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Corporate governance under English common law: The respective roles of executive and non executive directors

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  1. Introduction
  2. Motivations for a board reform
    1. The unitary board model and its influence on the role of directors
    2. The board's responsibility as the management organ of the company
    3. The monitoring role of non-executive directors
  3. Clarification on directors' duties
    1. Statutory codification or self-regulation?
    2. The board reform in the light of the higgs report
    3. Composition of boards
    4. The role of non-executive directors
    5. Closer discussion boards
    6. Independent monitors
    7. Remuneration and audit committees
    8. Critical view of the reform
  4. Conclusion
  5. Bibliography

The role of boards and its relationship to management must be clearly identified. The Companies Act provides that companies must have directors but does not define their functions. This is left to the articles of association, where the most undertaken practice consists of vesting the board of all the powers necessary for the management of the business, apart from those reserved by the Act to be exclusively exercised by the shareholders in general meetings. Thus, the need for a statutory statement of directors' duties makes no doubt. Derek Higgs has issued a review on the role and effectiveness of non-executive directors. The recommendations were introduced in the revised Combined which came into effect in November 2003. Nearly all of the 50 recommendations made in the Higgs Report were incorporated into the revised Code. The terms of reference of the Higgs review included an assessment of the population of non-executive directors in the UK, the process of appointment, the extent to which they are independent, their effectiveness, their accountability including their relationship with institutional investors and issues relating to their remuneration and the role of the Combined Code on Corporate Governance.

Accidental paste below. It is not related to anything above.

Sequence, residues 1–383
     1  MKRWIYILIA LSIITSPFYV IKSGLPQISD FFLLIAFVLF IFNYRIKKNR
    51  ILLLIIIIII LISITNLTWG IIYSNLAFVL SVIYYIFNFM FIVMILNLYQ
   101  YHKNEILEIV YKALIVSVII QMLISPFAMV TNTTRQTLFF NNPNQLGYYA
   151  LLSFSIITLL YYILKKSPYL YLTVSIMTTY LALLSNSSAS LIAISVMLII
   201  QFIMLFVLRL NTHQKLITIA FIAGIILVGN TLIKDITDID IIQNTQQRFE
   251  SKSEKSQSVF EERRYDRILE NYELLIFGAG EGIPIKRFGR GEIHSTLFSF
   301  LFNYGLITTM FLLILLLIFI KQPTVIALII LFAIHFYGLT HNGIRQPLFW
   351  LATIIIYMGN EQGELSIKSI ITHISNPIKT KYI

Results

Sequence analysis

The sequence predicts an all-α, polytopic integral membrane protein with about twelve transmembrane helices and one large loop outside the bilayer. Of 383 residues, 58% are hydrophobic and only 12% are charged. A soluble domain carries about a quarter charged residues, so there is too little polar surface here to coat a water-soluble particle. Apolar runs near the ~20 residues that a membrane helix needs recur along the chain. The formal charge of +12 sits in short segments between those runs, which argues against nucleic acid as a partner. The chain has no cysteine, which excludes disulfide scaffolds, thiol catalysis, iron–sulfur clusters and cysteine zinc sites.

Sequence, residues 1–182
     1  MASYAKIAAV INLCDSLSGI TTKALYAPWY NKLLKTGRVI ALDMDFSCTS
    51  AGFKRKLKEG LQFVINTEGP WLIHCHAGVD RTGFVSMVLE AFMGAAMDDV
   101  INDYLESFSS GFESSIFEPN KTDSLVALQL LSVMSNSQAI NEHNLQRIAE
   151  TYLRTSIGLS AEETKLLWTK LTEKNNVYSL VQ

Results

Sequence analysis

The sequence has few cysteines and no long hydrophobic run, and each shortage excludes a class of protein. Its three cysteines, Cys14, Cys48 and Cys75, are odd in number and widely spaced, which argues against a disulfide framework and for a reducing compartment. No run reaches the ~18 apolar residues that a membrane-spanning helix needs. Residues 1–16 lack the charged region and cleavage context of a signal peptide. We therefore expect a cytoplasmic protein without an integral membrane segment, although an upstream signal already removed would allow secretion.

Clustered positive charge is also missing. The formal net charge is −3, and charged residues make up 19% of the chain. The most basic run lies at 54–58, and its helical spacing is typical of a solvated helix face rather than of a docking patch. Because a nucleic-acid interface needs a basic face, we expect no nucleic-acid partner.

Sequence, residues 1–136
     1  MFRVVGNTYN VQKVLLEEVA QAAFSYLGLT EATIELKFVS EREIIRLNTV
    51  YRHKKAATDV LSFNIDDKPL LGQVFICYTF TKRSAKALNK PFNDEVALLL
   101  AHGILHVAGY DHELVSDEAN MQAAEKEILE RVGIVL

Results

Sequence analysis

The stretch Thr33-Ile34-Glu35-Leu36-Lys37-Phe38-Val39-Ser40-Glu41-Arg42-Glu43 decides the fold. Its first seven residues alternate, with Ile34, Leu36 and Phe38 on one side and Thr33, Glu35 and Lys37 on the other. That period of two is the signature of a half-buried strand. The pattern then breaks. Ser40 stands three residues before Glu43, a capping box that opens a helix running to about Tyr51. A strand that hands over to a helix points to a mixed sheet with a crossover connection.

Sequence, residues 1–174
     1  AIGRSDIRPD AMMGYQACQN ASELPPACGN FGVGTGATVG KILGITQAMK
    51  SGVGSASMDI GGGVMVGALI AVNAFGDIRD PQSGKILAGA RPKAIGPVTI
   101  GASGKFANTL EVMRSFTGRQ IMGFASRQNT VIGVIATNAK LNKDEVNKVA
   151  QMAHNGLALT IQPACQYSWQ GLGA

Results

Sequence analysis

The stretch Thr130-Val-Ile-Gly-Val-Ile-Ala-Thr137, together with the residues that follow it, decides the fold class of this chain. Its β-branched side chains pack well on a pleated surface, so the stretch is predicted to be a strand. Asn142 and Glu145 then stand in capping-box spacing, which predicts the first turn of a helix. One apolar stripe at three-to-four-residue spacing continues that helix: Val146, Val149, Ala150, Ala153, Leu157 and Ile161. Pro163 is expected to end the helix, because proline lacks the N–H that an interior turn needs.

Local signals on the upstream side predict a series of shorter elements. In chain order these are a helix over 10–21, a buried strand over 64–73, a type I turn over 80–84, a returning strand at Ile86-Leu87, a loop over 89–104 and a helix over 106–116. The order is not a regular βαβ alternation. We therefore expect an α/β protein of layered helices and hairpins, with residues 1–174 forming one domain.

[...] An issue of wide significance is whether the role of non-executive directors as a matter of best practice of corporate governance is best characterised as that of a monitor of the executive management, or of a contributor to overall strategic planning and direction, or as some mix of the two. Some commentators have queried whether it is really possible for one person effectively to be at the same time someone who monitors the executive directors and someone who co-operates with them in the company's strategic development[24]. [...]

[...] p See Weil, Gotshal & Manges LLP, on behalf of the European Commission, Internal Market Directorate General, Comparative Study of Corporate Governance Codes Relevant to the European Union and its Member States (January 2002) available at at p.43. J.E. Parkinson, op. cit., at p.192. The American Law Institute, Principles of Corporate Governance: Analysis and Recommendations (St Paul, Minn.: American Law Institute Publishers, 1994) vol p.77. PRO NED, Code of practice on non-executive directors (1987). J.E Parkinson, op. cit., p Dr Rita Esen, ?Managing and monitoring the role of non-executive directors on U.K. [...]

[...] Under the second there is a single board made up with a majority of ?supervisory' directors, with executive directors constituting the remainder[13]. Where a company has a single-tier board the division of responsibilities between the two types of director is a matter to be determined by the board itself nevertheless the practice is moving to bring a stronger scrutiny of managerial actions The board's responsibility as the management organ of the company Efforts in recent years to reform corporate governance have focused primarily on structural means to strengthen the board's oversight role. [...]

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